Constants, operators and ``type labels'' (retractions with strongly cantorian range) can be defined in Watson. Examples of the definition commands have appeared in example sections above, where this seemed appropriate.

The definition of an atomic constant as a complex term is straightforward:

- defineconstant "four" "2+2"; four: four = 2 + 2 four , 0

The prover checks for defects such as circularity in the proposed definition and, if no error is found, proves a new theorem embodying the definition. When a constant is defined, the name of the new theorem is the same as the name of the defined constant (which cannot have been declared previously).

The issue of stratification arises in the definitions of functions and operations.

- defineconstant "Double@?x" "?x+?x"; Double: Double @ ?x = ?x + ?x Double , 0 - defineconstant "(Comp@?f,?g)@?x" "?f@?g@?x"; Comp: (Comp @ ?f , ?g) @ ?x = ?f @ ?g @ ?x Comp , 0 - defineconstant "Comp2@?f,?g,?x" "?f@?g@?x"; Watson: Format, declaration or stratification failure of proposed definition of Comp2@?f,?g,?x

While reading the two definitions of composition of functions, recall that all operations have the same precedence and group to the right. In the first definition of composition of functions, note that defined functions can have lists of arguments and can be ``curried'' if the types of their arguments warrant this. In the second definition of composition, we see a failure of stratification.

Operators can be defined similarly.

(* defining operators with ``flat'' type *) - defineinfix "OR" "?x|?y" "~(~?x)& ~?y"; OR: ?x | ?y = ~ (~ ?x) & ~ ?y OR , 0 (* defining typed operators *) - showdec "@"; (* show the declaration of the function application operator *) Watson: Reserved operator @ left type: 1 right type: 0 - definetypedinfix "CONV_APP" 0 1 "?x <@ ?y" "?y @ ?x"; (* the integer parameters are the left and right types of the defined operator <@ (the converse of application, which has left type 1 and right type 0, must have left type 0 and right type 1) *) CONV_APP: ?x <@ ?y = ?y @ ?x CONV_APP , 0 (* definition of opaque operators *) - defineopaque "WEIRD" "?x +`? ?y" "(?x@?x)+?y@?y"; WEIRD: ?x +`? ?y = (?x @ ?x) + ?y @ ?y WEIRD , 0

The name of the theorem defining an operator must be supplied as a
parameter to the `defineinfix` or `definetypedinfix` commands,
as we see in the examples. The `defineinfix` command is used to
define ``flat'' infixes (those with left and right type of 0); the
`definetypedinfix` command is used to define infixes with
nontrivial left and right type, and takes the types of its arguments
as parameters. Completely unstratified operations such as `+`?`
in the example above can also be defined as ``opaque'' operators; the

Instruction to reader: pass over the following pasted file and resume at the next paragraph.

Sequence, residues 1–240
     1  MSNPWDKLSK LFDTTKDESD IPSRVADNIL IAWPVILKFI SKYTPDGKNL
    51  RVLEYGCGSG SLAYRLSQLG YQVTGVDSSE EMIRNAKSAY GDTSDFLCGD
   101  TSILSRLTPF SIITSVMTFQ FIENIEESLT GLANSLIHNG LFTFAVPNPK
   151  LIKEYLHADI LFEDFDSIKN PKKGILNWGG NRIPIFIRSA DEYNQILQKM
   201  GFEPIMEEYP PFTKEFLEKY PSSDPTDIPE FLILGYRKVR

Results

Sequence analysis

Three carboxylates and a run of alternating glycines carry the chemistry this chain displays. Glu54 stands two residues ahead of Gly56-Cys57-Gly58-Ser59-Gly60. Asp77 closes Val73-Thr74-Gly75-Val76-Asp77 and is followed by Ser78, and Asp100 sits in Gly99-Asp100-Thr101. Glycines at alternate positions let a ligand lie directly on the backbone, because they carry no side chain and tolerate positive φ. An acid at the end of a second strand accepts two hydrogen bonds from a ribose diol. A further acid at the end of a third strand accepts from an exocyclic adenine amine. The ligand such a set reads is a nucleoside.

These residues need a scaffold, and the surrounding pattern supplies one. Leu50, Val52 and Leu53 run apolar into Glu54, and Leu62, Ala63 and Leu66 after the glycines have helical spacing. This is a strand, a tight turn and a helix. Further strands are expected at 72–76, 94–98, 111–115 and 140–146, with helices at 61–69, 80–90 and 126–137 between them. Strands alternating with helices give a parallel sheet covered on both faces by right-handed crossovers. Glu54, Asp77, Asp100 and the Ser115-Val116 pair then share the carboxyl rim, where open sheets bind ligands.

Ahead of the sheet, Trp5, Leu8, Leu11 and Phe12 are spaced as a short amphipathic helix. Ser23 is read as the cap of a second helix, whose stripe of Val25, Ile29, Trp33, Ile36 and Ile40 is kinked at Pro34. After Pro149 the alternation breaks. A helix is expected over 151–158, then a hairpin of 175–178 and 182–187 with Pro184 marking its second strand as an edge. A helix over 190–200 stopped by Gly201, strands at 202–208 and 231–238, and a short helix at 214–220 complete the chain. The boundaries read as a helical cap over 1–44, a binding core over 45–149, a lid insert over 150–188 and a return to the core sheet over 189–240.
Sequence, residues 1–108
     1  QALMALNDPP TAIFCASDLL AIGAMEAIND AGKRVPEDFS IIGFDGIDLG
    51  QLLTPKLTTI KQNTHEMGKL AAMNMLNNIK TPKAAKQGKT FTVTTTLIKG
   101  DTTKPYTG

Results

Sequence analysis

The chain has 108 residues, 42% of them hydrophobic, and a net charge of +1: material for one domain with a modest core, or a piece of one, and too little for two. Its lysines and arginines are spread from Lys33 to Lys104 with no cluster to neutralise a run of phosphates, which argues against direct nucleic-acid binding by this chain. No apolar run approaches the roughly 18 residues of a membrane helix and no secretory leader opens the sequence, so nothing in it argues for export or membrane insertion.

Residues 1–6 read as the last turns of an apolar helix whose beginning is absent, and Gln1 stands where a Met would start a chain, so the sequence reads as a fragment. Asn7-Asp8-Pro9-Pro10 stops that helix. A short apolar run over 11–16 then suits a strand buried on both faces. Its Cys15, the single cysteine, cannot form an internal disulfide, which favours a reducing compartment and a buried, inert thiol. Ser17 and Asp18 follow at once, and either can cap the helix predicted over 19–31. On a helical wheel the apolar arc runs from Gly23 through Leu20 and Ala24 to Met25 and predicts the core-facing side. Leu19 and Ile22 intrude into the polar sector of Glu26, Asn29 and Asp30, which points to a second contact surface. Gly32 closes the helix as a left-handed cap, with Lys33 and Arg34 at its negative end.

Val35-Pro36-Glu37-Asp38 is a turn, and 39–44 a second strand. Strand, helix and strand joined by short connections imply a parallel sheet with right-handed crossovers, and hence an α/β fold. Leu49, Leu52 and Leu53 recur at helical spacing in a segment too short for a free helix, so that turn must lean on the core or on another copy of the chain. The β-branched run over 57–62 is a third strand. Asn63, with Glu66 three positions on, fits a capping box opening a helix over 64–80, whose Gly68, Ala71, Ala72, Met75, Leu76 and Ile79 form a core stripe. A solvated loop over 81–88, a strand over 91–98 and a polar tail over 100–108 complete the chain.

use of opaque operators in definitions and in contexts with bound
variables is extremely restricted, but they do have some applications.

The most complex form of definition in Watson is the facility of defining ``type labels'' (retractions onto strongly cantorian ranges). The usual restrictions of non-circularity and stratification in definitions of functions and operators are first modified (the stratification requirements are sharper) then extended with the requirement that the operation being defined be shown to be a retraction. We illustrate the definition of a type by defining the type of booleans (using a new identifier Bool to avoid conflict with the type label bool declared above).

- start "?x||true,false"; - assign "?x" "?x||true,false"; (* sets up theorem that this operation is a retraction *) - ri "(!@CASEINTRO)@?x"; ex(); - top(); downtoleft "?x||?y,?z"; ri "1|-|1"; ex(); - top(); downtoright "?x||?y,?z"; ri "1|-|1"; ex(); - top(); ex(); - p "BOOLRETRACT"; BOOLRETRACT: (?x || true , false) || true , false = ?x || true , false CASEINTRO , 0 - defineconstanttype "BOOLRETRACT" "Bool:?x" "?x||true,false"; Bool: Bool : ?x = ?x || true , false Bool , CASEINTRO , 0

The thing to notice is that the defineconstanttype command takes as an additional parameter a theorem witnessing the fact that the operation being defined is a retraction. The reason that Watson can tell that this retraction has strongly cantorian domain has to do with technical aspects of the way Watson determines whether case expressions are stratified (it implicitly views the hypothesis of a case expression as being restricted to a strongly cantorian domain).

It is possible to define functions and operations which generate type labels (type constructors). There are subtleties with the use of type constructors which make it necessary to declare constructors as ``opaque'' operators.